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Currently I have three wave counts on monthly charts. The first two differ only in the structure of the next movement as they are both expecting the same downwards direction to new lows.

The second alternate I have developed in response to requests from members. However, the alternate has a couple of problems which reduce its probability to very low, in my estimation. It also expects downwards movement from this point, but this does not necessarily have to make a new low. It allows for new highs to be made first.

S&P 500 monthly 2012

In prior historic analysis this was my alternate wave count. I am swapping what were my main and alternate monthly wave counts around because I consider this wave count to have a better look with better proportions.

This wave count sees a grand super cycle correction unfolding which may be in a fourth wave position, or a second wave position. The key to determining which it could be involves analysing charts going back to the inception of this market. The S&P 500 index began in 1957, and it seems more likely that in its present form this very large correction would be a second wave correction. Second wave corrections may correct right down to the start of the first wave and it is possible that this correction could be very deep indeed. The correction begins at the supercycle (0) label.

This wave count sees this large correction unfolding as a double flat, or double combination. The first structure in the double is a super cycle flat correction labeled (w) olive green. The double is joined by a three (a zigzag) in the opposite direction labeled super cycle (x). The second structure labeled super cycle (y) may be either a flat (most likely), a zigzag (next likely) or a triangle (least likely). This second structure should take at least 10 years to unfold. Its purpose is to move price sideways and it does not technically have to make a new low below the end of super cycle (w), although it is fairly likely to. It should end around about the same level as (w).

Within cycle wave a (teal green) this may subdivide into a three wave structure (if super cycle (y) is a flat or triangle) or a five wave structure (if super cycle (y) is a zigzag). For both possibilities the next movement should be a third wave down.

This wave count fits subdivisions very well. It sees the upwards wave labeled super cycle (x) as a three, and this is most clearly a three on monthly and weekly charts. It sees the downwards movement labeled black (1) within primary wave A as a five, and on the daily and weekly charts this movement is most clearly a five.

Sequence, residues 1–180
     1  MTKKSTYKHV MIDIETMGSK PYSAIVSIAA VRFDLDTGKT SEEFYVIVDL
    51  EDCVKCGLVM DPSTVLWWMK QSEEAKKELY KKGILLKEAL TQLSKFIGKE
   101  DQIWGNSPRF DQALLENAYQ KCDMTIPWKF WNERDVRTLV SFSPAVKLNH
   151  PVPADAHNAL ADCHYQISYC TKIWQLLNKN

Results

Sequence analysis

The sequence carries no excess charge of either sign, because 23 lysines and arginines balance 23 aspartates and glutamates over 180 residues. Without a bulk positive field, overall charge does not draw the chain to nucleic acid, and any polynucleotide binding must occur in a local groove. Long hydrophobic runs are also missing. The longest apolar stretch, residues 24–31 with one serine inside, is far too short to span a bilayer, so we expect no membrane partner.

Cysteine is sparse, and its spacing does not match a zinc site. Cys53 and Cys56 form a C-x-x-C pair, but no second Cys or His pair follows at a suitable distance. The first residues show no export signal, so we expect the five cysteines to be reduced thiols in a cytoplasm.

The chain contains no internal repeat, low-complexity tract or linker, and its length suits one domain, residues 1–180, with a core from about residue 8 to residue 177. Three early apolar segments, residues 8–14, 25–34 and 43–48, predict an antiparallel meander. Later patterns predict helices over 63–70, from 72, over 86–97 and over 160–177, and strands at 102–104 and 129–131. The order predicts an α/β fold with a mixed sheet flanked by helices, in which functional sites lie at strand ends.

The parallel channel drawn about super cycle wave (x) has been very clearly breached by downwards movement. The upwards three is over and a new trend downwards is underway.

S&P 500 monthly 2012

This weekly chart shows the structure of the end of super cycle wave (x) more clearly. This upwards movement subdivides neatly into a 5-3-5 zigzag. As soon as price breached the lower edge of the parallel channel containing this movement momentum to the downside increased.

Black wave (1) looks clearly like a five and subdivides neatly into five.

Corrections are reasonably well in proportion.

Alternate Historic Wave Count.

S&P 500 monthly alternate 2012

This wave count should be familiar to anyone who has followed Robert Prechter’s work with Elliott Wave International. This wave count sees the S&P 500 within an expanded flat correction at super cycle degree, and wave c at cycle degree is unfolding to the downside.

At 450.14 primary wave 3 will reach equality with primary wave 1.

Cycle wave c would reach 1.618 the length of cycle wave a at 127.53.

My problem with this wave count, and the reason why it is now my alternate wave count, is the size of primary wave 2. This long lasting correction seems out of proportion to cycle waves a and b. It gives the wave count a slightly odd look. However, it is a completely valid wave count and all the subdivisions fit well.

The next movement should be very strong to the downside. This wave count is extremely bearish.

Second Alternate Historic Wave Count.

S&P 500 monthly second alternate 2012

This wave count is bullish in the long term but bearish in the mid term.

This wave count considers the possibility that the large flat correction labeled super cycle wave (iv) is the end of a correction and that following upwards movement is primary wave 1 of a new trend.

The biggest problem I have with this wave count is to see the upwards wave labeled primary 1 as a five when it has a strong three wave look to it.

At 1,036 intermediate wave (C) would reach equality with intermediate wave (A) within primary wave 2.

Primary wave 2 many not move beyond the start of primary wave 1. This wave count is invalidated with movement below 666.79.

S&P 500 weekly alternate II2012

In order to see the upwards wave labeled primary wave 1 as a five and not a three the movement labeled (4) and (5) has to be incorporated into the end of the rise, and cannot be seen as part of the start of the downwards movement.

Wave (5) black to end primary wave 1 is not correctly termed a truncation, because it makes a new high beyond the end of black wave (3), but it does not move beyond the price extreme within black wave (4).

When this movement is part of primary wave 1 then the next movement down is a three and not a five. This means that primary wave 2 may be a flat correction which allows for wave (B) black to make a new high beyond the start of wave (A) black, and in fact it means this possibility has a reasonable probability because the most common flat is an expanded flat which requires (B) to be 105% of (A) or longer.

If our main daily wave count is invalidated by upwards movement then this is the wave count that we shall use.

My biggest concern with this wave count is seeing upwards movement labeled primary 1 as a five not a three.